Difference between revisions of "User:LordSputnik/Recording Style Guidelines"

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===Specific Cases===
 
===Specific Cases===
 
#Don't merge recordings of different performances of a single work. For example, re-recordings, live versions or versions with different lyrics.
 
#Don't merge recordings of different performances of a single work. For example, re-recordings, live versions or versions with different lyrics.
#Don't merge two recordings of the same live performance if they were recorded by different people or if they sound different.
+
#Don't merge two recordings of the same live performance if they were recorded by different people.
 
#Don't merge recordings which have been mastered in different ways (this includes remasters, if there is an audible difference between recordings).
 
#Don't merge recordings which have been mastered in different ways (this includes remasters, if there is an audible difference between recordings).
 
#Don't merge an original recording with any edited or remixed version of that recording.
 
#Don't merge an original recording with any edited or remixed version of that recording.

Revision as of 07:47, 9 November 2012


Status: This page describes an active style guideline proposal and is not official.



Proposal number: RFC-Unassigned
Champion: LordSputnik
Current status: RFC
Initial Discussion


JIRA ticket STYLE-159


Introduction

This proposal is designed to improve the guidelines on merging recordings. It is felt that the current guidelines are too vague, and that they don't cover all cases where recordings might be merged. This proposal seeks to expand these guidelines and make them clearer.

Proposal

Edit http://musicbrainz.org/doc/Style/Recording to change the section "What should and shouldn't be merged together?" to the following.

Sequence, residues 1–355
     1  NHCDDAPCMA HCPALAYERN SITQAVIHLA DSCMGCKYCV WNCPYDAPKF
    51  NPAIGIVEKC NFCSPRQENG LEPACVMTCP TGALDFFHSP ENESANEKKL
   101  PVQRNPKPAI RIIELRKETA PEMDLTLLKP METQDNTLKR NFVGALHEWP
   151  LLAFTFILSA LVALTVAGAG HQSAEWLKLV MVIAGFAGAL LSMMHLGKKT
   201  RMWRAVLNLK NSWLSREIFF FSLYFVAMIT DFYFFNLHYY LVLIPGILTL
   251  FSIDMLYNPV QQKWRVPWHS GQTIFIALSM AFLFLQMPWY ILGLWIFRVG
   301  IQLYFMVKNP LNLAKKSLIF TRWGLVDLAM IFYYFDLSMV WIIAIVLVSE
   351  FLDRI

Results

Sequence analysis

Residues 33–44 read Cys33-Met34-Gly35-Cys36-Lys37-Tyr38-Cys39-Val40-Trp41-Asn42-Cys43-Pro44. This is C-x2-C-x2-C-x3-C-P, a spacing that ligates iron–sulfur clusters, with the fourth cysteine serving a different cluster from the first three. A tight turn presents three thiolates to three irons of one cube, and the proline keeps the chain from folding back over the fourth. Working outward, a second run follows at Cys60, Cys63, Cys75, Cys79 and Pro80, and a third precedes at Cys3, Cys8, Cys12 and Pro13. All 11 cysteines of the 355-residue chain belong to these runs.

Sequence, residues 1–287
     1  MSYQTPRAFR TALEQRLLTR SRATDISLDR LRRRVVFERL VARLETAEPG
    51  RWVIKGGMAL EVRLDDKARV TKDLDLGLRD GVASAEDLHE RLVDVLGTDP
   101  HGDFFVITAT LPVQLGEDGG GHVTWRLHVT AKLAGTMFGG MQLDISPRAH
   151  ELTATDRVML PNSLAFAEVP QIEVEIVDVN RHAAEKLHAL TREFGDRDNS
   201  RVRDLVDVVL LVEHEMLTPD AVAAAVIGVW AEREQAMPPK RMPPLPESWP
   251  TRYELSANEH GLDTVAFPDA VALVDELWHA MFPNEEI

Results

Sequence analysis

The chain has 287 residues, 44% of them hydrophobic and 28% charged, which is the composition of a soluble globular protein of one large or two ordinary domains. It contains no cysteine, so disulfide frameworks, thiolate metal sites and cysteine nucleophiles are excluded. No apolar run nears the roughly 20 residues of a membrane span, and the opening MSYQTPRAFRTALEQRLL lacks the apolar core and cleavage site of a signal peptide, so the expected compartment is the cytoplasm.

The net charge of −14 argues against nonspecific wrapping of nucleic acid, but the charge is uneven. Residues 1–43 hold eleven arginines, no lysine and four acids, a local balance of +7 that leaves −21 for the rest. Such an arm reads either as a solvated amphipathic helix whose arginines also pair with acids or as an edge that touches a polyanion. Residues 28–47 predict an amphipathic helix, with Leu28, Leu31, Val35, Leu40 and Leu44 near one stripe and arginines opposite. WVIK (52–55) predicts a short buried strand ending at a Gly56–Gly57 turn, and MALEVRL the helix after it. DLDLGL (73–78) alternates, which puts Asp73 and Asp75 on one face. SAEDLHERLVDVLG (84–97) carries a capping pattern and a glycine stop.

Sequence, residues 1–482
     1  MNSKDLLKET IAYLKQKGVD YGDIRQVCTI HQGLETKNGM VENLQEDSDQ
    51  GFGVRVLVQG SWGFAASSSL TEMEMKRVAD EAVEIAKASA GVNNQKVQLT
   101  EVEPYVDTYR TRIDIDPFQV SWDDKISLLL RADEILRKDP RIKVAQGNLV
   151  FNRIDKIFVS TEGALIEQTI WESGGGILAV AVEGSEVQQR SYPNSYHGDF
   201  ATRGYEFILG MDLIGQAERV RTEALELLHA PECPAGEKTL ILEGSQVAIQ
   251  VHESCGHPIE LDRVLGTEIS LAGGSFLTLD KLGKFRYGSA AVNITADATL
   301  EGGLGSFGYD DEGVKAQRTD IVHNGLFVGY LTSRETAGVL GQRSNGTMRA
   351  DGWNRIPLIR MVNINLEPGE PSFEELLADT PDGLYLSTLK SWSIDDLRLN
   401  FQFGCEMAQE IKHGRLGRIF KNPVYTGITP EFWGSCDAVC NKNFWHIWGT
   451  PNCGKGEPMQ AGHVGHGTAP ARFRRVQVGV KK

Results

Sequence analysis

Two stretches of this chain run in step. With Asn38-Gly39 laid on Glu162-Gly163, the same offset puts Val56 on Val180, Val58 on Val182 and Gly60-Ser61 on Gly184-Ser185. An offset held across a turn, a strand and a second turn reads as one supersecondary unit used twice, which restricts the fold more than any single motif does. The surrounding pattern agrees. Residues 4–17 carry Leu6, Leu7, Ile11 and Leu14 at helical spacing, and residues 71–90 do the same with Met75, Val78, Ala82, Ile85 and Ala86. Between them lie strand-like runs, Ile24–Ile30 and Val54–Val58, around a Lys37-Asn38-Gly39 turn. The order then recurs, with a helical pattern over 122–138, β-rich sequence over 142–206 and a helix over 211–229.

When should recordings be shared?

A recording is intended to represent distinct audio. This means that two recordings should only be merged if the audio that they contain sounds the same. Likewise, when adding a release, a new recording should be made if audio is different from existing recordings. If it isn't clear whether to merge two recordings or not, keep them separate. Where two recordings of the same work are separate for a reason, a meaningful disambiguation should be provided for one or both of the recordings.

Specific Cases

  1. Don't merge recordings of different performances of a single work. For example, re-recordings, live versions or versions with different lyrics.
  2. Don't merge two recordings of the same live performance if they were recorded by different people.
  3. Don't merge recordings which have been mastered in different ways (this includes remasters, if there is an audible difference between recordings).
  4. Don't merge an original recording with any edited or remixed version of that recording.
  5. Don't merge recordings which have different numbers of audio channels. For example, a mono recording and a stereo recording.
  6. Do merge recordings if the only difference between them is in the length of silence at the beginning or end. This is provided that the silence isn't a significant part of the audio.
  7. Generally, don't merge recordings if they have conflicting relationships. However, if you're certain that two recordings are the same and relationships are wrong, merge the recordings and correct the relationships.


These cases also apply when selecting recordings for a new release.

AcoustIDs and ISRCs

Both of these identifiers can be incorrectly attached to recordings. For this reason, neither AcoustIDs nor ISRCs should be used as the sole reason for merging two recordings. Different AcoustID fingerprints and ISRCs may be used as a reason for not merging, but bear in mind that they can sometimes be wrong.

Before attempting to work with AcoustIDs, please read the AcoustID Guide.